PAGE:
In life, we are encouraged to estrange ourselves from our enemies. When we’re pitted against a group, an important element of survival is to make sure we aren’t one of them, to avoid the criticisms we make coming back on ourselves.
Many young girls are conditioned in their early years to think of other women as their worst enemy — that they are shallow and vain, overly emotional, and weak. The instinct naturally falls on estranging themselves, to try and preserve their voices by condemning and ridiculing behaviour in each other that affirms these stereotypes. Any relationship I ever had with clothing, shoes, dressing up or the colour pink was proof that I was one of them, and enjoyment of these things was associated with feelings of shame, bitterness, and revulsion.
From the ages of ten to fifteen, I rejected my old favourite colour, pretended to dislike it, and refused to wear it. In this way, a young woman’s expression of gender is heavily policed and externally regulated from its very first moments. We feel observed, by other women, by men, and by womanhood in media which constructs a mirage of feminine perfection that infects self-image. This included my own.
At fifteen, I watched Legally Blonde for the first time. I was held, strong-armed to the corner of the couch by my mother. She insisted I watch, begged me to wait it out. I rolled my eyes, disgusted by the spectacle. But by the end, I was appalled at the change I had experienced. I had been so eager to judge other women, and to police my own relationship with clothing.
Of course, the truth was that I had had a relationship with clothing all my life! I liked fabric and patterns, shiny necklaces, I liked looking good. I spent hours combing through my mother’s jewellery, fascinated by the elegance. I once got dressed up, donning earrings and a scarf to take a stray cat to the vet, while my parents yelled at me to hurry up. I especially loved emulating my mother, trying on her clothing and strutting about like a miniature duchess.
I loved when my parents’ colleagues thought I was adorable. I basked in the attention, in the praise I got for performing femininity. It was like play-acting. I didn’t have girlfriends who did each other’s makeup and went shopping, so I had few women whose femininity I could model. My version of femininity as a little girl was dramatic, often strange, and occasionally, it must be said, an affront to the eye.
Then one evening, it hit me. I found myself sitting against the foot of my bed in my Lismore home, a rose-gold fruit basket on my head, wearing a checkered dress and a full-length Matrix-style leather coat. I gazed in the mirror through black round glasses, and the features seemed to twist and morph in front of me. Adrenaline pumped through my veins. That night, I tried on at least 30 outfits late into the night, each clumsier and more ridiculous than the last. They clashed, they were mis-matched, and finding what I was looking for felt more akin to pushing the wrong ends of two magnets together. In this exercise, I had attempted to express a feeling that had been brewing for some time, one that could not find any other mode of expression. It was explosive, exploratory, and I loved it.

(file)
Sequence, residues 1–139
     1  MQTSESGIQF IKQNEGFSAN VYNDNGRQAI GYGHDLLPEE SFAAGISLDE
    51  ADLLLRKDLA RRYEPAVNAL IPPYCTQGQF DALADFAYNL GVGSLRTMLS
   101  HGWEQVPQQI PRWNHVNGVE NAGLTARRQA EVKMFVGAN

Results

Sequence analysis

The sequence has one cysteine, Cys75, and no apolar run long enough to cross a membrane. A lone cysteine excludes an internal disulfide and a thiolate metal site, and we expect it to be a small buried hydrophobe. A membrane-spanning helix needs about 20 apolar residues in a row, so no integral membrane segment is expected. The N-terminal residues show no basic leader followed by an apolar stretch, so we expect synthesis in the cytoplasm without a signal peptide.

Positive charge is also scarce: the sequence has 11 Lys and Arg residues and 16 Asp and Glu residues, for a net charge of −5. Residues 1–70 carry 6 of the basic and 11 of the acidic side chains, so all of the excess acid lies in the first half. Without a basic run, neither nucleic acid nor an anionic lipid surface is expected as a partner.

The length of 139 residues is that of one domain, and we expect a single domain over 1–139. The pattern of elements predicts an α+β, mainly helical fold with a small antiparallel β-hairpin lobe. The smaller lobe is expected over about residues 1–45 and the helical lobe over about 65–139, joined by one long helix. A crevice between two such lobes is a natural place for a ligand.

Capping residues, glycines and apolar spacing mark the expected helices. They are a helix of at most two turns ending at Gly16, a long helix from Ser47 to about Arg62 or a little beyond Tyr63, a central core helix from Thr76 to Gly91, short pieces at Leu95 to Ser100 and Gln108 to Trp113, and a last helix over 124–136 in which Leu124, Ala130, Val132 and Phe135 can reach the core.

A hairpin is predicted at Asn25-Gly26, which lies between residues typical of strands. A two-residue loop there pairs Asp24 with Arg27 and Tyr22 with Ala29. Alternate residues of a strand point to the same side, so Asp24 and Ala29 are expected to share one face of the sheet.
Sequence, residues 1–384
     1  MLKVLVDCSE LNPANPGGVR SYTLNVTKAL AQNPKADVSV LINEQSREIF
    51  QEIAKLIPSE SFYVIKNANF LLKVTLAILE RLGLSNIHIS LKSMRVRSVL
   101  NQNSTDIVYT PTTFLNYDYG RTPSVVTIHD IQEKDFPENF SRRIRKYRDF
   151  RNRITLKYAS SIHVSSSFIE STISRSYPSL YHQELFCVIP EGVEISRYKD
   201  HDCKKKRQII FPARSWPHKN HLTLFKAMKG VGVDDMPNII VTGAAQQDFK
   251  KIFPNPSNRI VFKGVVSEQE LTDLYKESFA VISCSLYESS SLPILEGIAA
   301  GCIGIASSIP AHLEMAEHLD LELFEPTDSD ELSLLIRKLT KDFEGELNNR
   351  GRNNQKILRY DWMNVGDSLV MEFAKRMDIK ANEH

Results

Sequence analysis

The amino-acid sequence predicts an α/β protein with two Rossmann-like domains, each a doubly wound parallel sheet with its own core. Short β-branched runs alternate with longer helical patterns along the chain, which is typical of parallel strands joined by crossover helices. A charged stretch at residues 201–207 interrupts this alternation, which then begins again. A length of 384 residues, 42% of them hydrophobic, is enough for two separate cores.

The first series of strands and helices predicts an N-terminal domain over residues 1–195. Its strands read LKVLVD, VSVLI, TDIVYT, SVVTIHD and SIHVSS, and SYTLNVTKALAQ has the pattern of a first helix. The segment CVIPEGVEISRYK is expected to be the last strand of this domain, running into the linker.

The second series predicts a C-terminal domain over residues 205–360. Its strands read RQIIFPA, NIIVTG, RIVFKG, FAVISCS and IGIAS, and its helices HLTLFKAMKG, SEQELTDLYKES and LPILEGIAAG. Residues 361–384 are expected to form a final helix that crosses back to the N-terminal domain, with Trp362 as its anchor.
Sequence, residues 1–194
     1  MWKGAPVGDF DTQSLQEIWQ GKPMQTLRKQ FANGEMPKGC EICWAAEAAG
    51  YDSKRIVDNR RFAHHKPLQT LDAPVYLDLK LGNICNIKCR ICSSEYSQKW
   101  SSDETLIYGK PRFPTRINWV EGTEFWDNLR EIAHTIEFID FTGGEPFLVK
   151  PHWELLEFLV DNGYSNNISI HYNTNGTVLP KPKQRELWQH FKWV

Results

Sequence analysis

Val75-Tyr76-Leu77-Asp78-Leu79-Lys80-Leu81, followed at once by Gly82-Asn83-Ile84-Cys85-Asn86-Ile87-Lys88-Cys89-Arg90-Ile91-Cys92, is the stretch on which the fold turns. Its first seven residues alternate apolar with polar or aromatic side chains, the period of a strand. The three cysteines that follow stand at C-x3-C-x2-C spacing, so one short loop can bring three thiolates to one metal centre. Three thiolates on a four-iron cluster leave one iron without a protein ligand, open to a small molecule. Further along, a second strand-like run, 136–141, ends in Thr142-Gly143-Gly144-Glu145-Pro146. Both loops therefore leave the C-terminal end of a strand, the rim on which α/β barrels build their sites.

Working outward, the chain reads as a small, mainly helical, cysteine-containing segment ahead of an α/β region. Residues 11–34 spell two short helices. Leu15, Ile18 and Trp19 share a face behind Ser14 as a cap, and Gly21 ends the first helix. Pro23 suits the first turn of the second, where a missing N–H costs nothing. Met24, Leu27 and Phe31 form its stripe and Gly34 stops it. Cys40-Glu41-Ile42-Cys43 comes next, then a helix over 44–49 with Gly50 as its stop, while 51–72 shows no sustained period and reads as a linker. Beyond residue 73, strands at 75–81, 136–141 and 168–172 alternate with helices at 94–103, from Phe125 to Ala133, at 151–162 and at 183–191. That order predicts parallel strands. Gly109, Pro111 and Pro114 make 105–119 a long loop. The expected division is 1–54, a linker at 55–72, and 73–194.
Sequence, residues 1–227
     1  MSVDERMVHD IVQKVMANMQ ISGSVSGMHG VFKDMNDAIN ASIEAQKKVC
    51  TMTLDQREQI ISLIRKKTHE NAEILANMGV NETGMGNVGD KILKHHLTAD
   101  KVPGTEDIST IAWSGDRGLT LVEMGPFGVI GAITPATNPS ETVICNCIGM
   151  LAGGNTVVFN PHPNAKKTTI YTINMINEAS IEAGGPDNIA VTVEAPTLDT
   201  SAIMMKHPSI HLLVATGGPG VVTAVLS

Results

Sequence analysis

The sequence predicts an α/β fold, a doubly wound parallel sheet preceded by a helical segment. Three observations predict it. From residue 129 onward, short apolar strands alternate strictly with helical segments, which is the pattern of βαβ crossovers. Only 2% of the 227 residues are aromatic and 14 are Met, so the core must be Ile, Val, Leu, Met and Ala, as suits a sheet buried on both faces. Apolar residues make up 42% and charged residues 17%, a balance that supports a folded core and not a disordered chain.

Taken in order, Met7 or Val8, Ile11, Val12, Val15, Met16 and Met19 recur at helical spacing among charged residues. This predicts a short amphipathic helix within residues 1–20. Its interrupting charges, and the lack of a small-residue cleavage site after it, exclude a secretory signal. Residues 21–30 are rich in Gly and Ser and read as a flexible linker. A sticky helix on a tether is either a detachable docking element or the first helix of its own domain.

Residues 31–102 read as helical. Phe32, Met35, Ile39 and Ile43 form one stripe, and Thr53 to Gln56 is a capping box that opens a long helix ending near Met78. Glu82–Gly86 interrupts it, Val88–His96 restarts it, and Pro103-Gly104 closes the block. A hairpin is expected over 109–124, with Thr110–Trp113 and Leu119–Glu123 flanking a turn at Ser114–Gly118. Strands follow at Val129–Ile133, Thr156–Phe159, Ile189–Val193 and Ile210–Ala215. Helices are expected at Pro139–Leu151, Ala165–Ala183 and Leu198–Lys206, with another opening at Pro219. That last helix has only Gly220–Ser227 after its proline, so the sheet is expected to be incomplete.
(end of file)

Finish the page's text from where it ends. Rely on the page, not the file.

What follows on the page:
Whenever I get dressed, with each unlikely combination of pieces, I feel a rush of euphoria. I’m giddy with it. After a few months of keeping this feeling to myself, to make sure it sticks around, I ask my writer’s group to use gender-neutral pronouns. All of them are trans so, as you can imagine, it goes over fabulously. Slowly, over the next year, I began introducing it to other parts of my life with varying degrees of smoothness but overall success.
My experience is not a far cry from what a lot of non-binary people experience. When clothing is no longer a means of performing your assigned gender, what is its purpose? What makes clothing masculine or feminine? What does non-binary look like? These are complex questions, and I don’t have all the answers. But since coming out, my love of clothing has had a gorgeous renaissance.
I like clothes that make me look big, that make me stand out. I like huge coats, patterned shirts, crushed velvet, aviators, fluttery blouses, petticoat skirts, shoulder pads. I like bright colours and no makeup. I wear masculine sleeveless dresses that show off my shoulder muscles, and feminine suits that give me a figure. Sometimes I’ll have a little joke with myself and go out dressed like a peasant girl or a pirate.
Clothing has become nothing more or less than total freedom. Every day I put on a performance, and it’s all my own. Is it still play-acting? I think it is, but it’s an authentic play. I love people talking about their clothing, I love it when people show me outfits they’re proud of. Is it shallow? No. Dressing how you want, how you really want, is a profoundly genuine and reflective form of self-expression. It can be surprisingly hard to do, and no one should be shamed for it. Dress for yourself, dress the way that makes you love yourself. And please, for the love of god, tell me all about it.